General Motors will continue to discuss potential partnership opportunities with Nikola Corporation after the company was labelled an “intricate fraud,” by a noted shorted-seller for allegedly misleading and lying to investors.
GM has confirmed to Reuters that discussions with Nikola executives remain ongoing as it looks to renegotiate its deal with the electric vehicle maker. It had previously agreed to give Nikola access to its electric and hydrogen vehicle technology and engineer and build the Nikola Badger electric pickup truck in exchange for an 11% stake in the company, however with the report sending Nikola’s stock down more than 30% from the $50.05 high it reached after the announcement, GM may now be looking to get a better deal in exchange for its services.
“Our transaction with Nikola has not closed,” GM spokeswoman Juli Huston-Rough told Reuters this week. “We are continuing our discussions with Nikola and will provide further updates when appropriate or required.”
GM said previously that it expected the Nikola deal to close by September 30th. The deal also included a clause noting that either side could choose to terminate the agreement if it was not finalized by December 3rd.
Investors, analysts and other industry watchers have begun to question how well GM vetted Nikola before deciding to enter a partnership with the company. The short-seller report, penned by Hindenberg Research, pointed out several ways the company had apparently mislead investors and the public, from filing its Nikola One semi-truck rolling down a hill for its promotional video to covering up labels with tape to claim it was making its own inverters. GM’s due diligence was further called into question this week after it was revealed that company founder Trevor Milton had been formally accused of sexual assault by two separate women.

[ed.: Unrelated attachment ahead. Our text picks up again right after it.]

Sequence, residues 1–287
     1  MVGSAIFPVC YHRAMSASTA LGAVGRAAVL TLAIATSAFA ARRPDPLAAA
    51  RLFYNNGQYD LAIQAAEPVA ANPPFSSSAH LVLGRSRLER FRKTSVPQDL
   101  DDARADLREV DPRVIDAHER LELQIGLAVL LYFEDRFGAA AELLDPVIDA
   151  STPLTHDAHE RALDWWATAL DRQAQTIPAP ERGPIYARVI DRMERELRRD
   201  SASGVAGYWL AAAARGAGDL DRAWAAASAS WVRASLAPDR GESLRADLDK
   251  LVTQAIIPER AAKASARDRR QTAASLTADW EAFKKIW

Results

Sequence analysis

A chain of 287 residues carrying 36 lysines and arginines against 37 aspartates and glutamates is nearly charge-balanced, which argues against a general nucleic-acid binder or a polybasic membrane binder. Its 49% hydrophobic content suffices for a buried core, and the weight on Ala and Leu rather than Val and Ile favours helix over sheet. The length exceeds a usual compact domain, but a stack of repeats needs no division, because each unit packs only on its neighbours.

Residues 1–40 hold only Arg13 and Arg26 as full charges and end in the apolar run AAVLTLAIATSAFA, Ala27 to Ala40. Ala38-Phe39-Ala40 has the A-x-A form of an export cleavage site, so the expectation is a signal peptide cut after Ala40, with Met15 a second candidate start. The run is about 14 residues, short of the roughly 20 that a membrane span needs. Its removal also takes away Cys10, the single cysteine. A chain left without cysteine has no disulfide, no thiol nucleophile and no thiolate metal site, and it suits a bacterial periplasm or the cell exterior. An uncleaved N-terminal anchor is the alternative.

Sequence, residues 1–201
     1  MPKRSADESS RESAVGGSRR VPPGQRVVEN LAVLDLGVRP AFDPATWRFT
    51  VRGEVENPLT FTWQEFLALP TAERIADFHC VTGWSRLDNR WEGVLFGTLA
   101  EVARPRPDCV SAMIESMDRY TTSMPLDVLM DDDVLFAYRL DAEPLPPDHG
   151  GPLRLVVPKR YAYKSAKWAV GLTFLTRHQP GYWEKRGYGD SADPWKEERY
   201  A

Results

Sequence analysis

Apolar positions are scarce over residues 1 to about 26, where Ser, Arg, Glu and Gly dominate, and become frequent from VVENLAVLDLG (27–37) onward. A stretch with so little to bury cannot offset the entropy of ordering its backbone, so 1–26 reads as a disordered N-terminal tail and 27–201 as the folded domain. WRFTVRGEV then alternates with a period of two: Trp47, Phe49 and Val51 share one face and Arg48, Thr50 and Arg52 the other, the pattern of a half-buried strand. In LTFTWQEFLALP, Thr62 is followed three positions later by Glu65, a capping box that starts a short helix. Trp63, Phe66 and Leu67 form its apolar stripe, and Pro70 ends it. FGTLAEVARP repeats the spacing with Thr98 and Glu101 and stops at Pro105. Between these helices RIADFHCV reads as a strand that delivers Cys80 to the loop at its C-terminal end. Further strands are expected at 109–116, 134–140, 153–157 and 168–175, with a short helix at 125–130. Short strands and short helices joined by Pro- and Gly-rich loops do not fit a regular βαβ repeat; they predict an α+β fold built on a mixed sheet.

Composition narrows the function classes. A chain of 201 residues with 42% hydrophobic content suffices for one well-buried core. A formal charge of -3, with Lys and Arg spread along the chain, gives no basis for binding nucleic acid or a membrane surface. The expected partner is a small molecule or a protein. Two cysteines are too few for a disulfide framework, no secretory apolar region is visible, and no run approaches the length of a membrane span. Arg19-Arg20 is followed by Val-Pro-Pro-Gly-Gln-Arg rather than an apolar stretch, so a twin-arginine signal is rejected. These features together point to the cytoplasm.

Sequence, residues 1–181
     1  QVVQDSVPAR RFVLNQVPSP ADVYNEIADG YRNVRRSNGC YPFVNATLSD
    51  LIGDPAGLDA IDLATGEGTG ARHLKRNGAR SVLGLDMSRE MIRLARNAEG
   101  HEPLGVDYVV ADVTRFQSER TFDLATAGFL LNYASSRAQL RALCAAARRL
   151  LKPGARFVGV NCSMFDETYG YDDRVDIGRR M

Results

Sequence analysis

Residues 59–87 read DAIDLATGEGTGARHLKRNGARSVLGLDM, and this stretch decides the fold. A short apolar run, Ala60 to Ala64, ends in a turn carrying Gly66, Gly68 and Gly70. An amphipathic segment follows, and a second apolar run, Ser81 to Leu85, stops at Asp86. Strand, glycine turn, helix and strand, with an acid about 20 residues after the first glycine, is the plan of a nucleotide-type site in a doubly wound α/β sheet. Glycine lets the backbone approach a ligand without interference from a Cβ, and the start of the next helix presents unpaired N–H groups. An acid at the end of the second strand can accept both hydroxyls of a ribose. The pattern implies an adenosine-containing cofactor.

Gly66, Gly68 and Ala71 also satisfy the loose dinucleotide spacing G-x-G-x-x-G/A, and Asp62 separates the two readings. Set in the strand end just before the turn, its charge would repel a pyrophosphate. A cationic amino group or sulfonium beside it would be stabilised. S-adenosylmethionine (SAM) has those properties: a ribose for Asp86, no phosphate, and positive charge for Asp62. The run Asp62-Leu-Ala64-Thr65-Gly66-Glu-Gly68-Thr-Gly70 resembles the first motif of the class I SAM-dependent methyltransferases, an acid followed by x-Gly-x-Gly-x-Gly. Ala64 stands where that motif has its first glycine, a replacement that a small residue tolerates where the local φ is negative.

The U.S. Securities and Exchange Commission and U.S. Department of Justice are now said to be investigating Nikola over the claims made in the short-seller report, though neither agency has issued a public statement on the alleged investigations. Milton resigned from his post as executive chairman of the company earlier this month, but retained his 25% stake in Nikola.
GM previously indicated that it wanted to go forth with the Nikola deal – unsurprising given that it has been shopping its Ultium batteries and Hydrotec fuel cell technology around to as many companies as possible as it looks to achieve economies of scale for its new clean vehicle tech. Hindenberg Research remains adamant that the misdeeds outlined in its initial report were only the start of Nikola’s problems, though, saying it is “only the beginning of Nikola’s unraveling.”